Once inside the cortex, hair builder ingredients act to build mass and molecular structure within the cortex and/or increase the hair fiber diameter. Building long term structure occurs when one or more ingredients are able to form covalent bonds with native structures in the cortex. Inside the cortex, sites for covalent bonding are relatively limited in number, such that appreciable swelling would be unlikely if that was the only type of interaction between the cortex and the non-native hair builder ingredients. Instead, appreciable swelling is achieved through hydrogen bonding between cortex proteins and non-native ingredients, with a smaller amount being contributed by covalent bonding between the cortex and hair builder ingredients.

Covalent Bonds:

Compositions of the present invention comprise one or more hair building ingredients that are able to form covalent bonds with protein structures (keratin filaments and/or keratin associated proteins) of the cortex, and to a lesser extent with amino acids and lipids (i.e. cholesterol and cholesterol esters, free fatty acids and ceramides) of the cortex. In total, all of the ingredients of the composition that are able to penetrate the cuticle, and form covalent bonds in the cortex may comprise about 0.1% to about 40% by weight of the composition. Other useful percent concentrations include, but are not limited to, 1-5, 1-10, 1-40, 5-10, 5-40, 10-15, 10-20, 15-30, 20-30, 20-40 and 30-40. These covalent bonds contribute to the mass, structure and strength of the cortex. By increasing the amount of covalent structure in the cortex of fine hair, the hair is made more elastic and therefore more manageable, bulkier and therefore less subject to “flyaway”.

One particularly useful means of achieving covalent bonding in the cortex is through glycation. Glycation (also known as non-enzymatic glycosylation) is the non-enzymatic reaction of an amino acid, peptide, protein or lipid with sugar. The reaction results in a covalent bond which may feature an ester or ether linkage. To a person of ordinary skill in the art, intentionally inducing glycation in certain protein-containing structures of the body may seem undesirable. This is because when sugars are added to lipids or proteins without enzymatic control, as in the present invention, bond formation is random. In the body, sugar moieties randomly located on proteins undergo a series of reactions that lead to the formation of Advanced Glycation Endproducts (A.G.E.s). Some A.G.E.s form covalent crosslinks with adjacent protein strands. These types of crosslinks lead to a lose of protein functionality, and tissues which were formerly flexible or elastic, become stiffer. This has been observed in extracellular collagen and elastin (for example, see Cerami, et al. “Pharmaceutical Intervention of Advanced Glycation Endproducts,” Novartis Found Symp. 2001; 235; 202-212; 1987). However, we have found that the glycation induced in the present invention, while leading to crosslinking among keratin structures in the hair cortex, is useful and desirable, and compositions and methods of the present invention are safe and effective. Therefore, some preferred embodiments of the present invention comprise one or more ingredients that are able to participate in glycation reactions in the cortex. These preferred embodiments comprise one or more glycosyl donors, and, optionally, one or more glycosyl acceptors, that are able to enter the hair shaft, beneath the cuticle layer. When glycosyl donors are present in compositions of the present invention, their concentration may be from about 0.5% to about 20% by weight of the composition; 1% to 10% is preferred; 5% to 10% is more preferred.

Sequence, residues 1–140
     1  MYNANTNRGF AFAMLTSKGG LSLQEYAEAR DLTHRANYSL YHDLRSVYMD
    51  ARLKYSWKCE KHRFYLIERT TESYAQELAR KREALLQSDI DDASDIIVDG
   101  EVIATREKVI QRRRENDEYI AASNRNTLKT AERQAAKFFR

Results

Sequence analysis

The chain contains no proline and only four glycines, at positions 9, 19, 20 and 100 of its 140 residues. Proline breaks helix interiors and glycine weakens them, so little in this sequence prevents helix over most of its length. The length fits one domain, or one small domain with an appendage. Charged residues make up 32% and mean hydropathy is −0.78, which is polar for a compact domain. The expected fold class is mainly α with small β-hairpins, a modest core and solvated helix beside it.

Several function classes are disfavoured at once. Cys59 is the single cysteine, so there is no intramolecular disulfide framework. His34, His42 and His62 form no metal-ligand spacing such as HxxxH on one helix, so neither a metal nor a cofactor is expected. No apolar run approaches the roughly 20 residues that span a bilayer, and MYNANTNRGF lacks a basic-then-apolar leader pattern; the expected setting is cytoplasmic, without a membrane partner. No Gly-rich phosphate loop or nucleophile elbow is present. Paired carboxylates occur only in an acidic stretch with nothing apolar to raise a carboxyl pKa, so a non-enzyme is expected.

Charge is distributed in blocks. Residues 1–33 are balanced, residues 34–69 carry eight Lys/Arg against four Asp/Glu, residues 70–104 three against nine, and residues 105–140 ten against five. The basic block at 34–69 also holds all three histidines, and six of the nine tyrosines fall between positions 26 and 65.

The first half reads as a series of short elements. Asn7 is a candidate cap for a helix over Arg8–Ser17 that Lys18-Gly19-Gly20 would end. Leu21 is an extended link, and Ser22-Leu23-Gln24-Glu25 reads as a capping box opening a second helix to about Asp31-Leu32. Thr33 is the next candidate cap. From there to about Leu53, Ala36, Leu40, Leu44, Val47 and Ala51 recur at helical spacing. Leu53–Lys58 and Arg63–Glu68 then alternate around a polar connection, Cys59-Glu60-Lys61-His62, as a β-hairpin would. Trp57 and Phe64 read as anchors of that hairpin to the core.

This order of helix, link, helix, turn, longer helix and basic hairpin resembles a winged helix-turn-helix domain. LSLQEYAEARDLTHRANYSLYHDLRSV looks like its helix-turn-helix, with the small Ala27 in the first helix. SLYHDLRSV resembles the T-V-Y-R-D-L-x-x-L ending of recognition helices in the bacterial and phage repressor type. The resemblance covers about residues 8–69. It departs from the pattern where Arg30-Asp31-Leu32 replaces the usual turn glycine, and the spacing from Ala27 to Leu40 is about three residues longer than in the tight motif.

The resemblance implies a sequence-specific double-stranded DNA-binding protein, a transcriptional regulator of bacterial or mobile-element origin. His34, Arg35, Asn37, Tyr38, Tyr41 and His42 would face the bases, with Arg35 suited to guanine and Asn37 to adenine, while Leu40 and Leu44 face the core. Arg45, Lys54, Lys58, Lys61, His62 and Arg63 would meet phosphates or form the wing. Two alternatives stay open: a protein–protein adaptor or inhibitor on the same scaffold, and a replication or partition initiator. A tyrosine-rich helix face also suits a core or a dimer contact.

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Cortex Cross Section Molecular Shampoo Stiffness

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20140403|20140090660|compositions and methods for enhancing the structure of hair fibers|Disclosed are compositions and methods that are able to increase the amount of molecular structure within the cortex of hair fibers. As result, hair fiber diameter, cross sectional area, elasticity and stiffness are all increased. The benefits are long term, surviving repeated rinsing and shampooing. These results are particularly beneficial |